Voucher Experiments Show Competition Works
June 19, 2001
Competition fueled by school-choice programs across the country from Milwaukee, Wis., to Pensacola, Fla., to San Antonio, Texas, has improved the quality of education in those areas, says Matt Moore, an NCPA policy analyst.
According to a soon-to-be-released NCPA study by Kaleem Caire and former Milwaukee Public Schools superintendent Howard Fuller, most of the arguments leveled against school choice are distortions, half-truths and lies.
Claim: For example, Wisconsin State Rep. Christine Sinicki says, "Choice schools are picking and choosing the children they want, but public schools cannot turn away anyone who comes to their door."
Fact: The Milwaukee Journal Sentinel reports, "No student has formally complained of being denied admission to any choice school. There also appear to have been no such claims from a parent or family in Ohio or Florida, the other two states with voucher programs mainly for low-income families."
Claim: Sam Carmen, executive director of the Milwaukee Teachers' Education Association, argues, "Voucher programs in the city of Milwaukee adversely affect schools and class sizes are increasing while programs like art, music and physical education are being reduced."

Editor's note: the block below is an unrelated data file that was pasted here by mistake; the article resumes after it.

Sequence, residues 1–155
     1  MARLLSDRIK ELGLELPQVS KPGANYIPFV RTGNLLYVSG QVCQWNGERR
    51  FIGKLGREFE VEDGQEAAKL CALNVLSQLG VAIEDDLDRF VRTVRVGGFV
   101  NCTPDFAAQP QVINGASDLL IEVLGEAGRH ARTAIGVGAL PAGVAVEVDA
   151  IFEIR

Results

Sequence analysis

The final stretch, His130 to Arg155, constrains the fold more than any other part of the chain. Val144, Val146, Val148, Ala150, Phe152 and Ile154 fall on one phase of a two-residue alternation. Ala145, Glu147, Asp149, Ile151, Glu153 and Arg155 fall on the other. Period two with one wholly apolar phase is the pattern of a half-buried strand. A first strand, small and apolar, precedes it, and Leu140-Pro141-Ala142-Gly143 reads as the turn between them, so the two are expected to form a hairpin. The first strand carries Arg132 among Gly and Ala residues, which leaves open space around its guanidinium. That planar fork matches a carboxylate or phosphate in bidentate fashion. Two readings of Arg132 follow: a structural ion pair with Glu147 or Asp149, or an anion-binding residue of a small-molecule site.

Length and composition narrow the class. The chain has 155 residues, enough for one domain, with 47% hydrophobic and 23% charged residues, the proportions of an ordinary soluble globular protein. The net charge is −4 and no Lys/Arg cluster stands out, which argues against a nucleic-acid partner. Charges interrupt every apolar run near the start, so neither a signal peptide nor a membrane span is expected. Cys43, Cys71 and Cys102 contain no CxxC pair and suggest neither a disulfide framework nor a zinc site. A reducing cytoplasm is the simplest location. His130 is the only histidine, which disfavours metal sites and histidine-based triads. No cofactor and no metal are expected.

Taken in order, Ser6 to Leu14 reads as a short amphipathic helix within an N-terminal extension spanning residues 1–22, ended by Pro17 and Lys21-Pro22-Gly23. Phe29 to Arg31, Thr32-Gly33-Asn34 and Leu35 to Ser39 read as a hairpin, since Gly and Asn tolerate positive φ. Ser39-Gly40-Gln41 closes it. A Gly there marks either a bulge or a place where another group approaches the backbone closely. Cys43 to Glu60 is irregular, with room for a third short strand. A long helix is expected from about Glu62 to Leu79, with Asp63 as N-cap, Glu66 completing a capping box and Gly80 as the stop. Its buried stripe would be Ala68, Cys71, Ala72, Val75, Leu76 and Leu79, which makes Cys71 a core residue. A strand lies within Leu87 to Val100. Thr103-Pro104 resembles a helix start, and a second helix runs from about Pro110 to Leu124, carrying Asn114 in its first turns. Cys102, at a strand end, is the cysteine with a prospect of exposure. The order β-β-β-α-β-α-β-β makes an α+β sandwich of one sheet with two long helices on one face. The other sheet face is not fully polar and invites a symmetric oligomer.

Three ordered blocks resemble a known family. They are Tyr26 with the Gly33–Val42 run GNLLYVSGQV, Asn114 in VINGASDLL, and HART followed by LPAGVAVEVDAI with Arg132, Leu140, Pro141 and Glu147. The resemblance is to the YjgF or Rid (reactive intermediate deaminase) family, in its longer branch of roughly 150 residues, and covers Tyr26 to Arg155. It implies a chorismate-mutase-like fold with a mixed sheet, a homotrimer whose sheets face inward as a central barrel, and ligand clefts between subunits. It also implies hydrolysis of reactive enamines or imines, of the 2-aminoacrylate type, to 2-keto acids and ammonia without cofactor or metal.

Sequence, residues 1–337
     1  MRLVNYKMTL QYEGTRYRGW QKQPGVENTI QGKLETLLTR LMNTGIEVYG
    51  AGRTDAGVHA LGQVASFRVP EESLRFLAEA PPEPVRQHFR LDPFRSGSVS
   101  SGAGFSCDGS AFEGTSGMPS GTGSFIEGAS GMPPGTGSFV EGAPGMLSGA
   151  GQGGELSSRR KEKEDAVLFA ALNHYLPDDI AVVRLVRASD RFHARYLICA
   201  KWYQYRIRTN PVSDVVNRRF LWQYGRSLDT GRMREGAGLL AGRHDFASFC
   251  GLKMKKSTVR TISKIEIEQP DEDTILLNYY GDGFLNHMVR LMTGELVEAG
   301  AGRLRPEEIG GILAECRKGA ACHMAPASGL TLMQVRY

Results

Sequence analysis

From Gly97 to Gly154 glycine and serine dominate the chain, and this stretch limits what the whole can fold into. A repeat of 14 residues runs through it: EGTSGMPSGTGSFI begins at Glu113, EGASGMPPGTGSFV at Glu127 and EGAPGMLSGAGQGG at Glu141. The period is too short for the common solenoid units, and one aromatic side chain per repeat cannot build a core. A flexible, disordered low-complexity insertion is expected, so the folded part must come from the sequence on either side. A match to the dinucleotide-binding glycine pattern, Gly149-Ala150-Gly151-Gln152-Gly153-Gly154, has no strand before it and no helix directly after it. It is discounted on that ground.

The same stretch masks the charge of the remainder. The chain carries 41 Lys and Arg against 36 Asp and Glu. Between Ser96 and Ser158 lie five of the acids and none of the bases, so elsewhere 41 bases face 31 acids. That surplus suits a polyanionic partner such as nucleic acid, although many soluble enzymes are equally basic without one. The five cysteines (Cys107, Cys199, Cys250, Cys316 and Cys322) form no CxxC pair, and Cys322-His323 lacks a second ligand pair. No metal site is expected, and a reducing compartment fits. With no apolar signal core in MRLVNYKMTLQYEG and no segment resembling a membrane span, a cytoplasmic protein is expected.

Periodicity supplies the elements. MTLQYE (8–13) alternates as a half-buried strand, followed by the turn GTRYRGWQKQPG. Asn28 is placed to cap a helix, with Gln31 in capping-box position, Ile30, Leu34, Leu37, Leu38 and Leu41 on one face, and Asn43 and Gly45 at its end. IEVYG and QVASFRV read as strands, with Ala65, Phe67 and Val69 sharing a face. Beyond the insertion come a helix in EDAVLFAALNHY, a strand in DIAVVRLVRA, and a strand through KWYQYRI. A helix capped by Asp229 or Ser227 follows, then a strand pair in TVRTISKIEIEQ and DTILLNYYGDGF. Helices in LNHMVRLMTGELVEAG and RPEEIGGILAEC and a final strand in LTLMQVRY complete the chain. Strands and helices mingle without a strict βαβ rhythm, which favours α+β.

Fact: Education budgets in Milwaukee, Cleveland, Ohio, and Pensacola have all increased significantly. In Milwaukee, enrollment grew 8 percent, real spending increased 29 percent, state aid jumped 55 percent, and the tax levy dropped by one-third.
Claim: Sen. Hillary Rodham Clinton (D., N.Y.) has said, "Experiments have demonstrated absolutely no evidence that vouchers help improve student achievement."
Fact: Research overwhelmingly demonstrates that students who take advantage of vouchers make positive academic strides.
Source: Matt Moore (NCPA policy analyst), "Talking Down Vouchers," Guest Comment, National Review Online, June 18, 2001.
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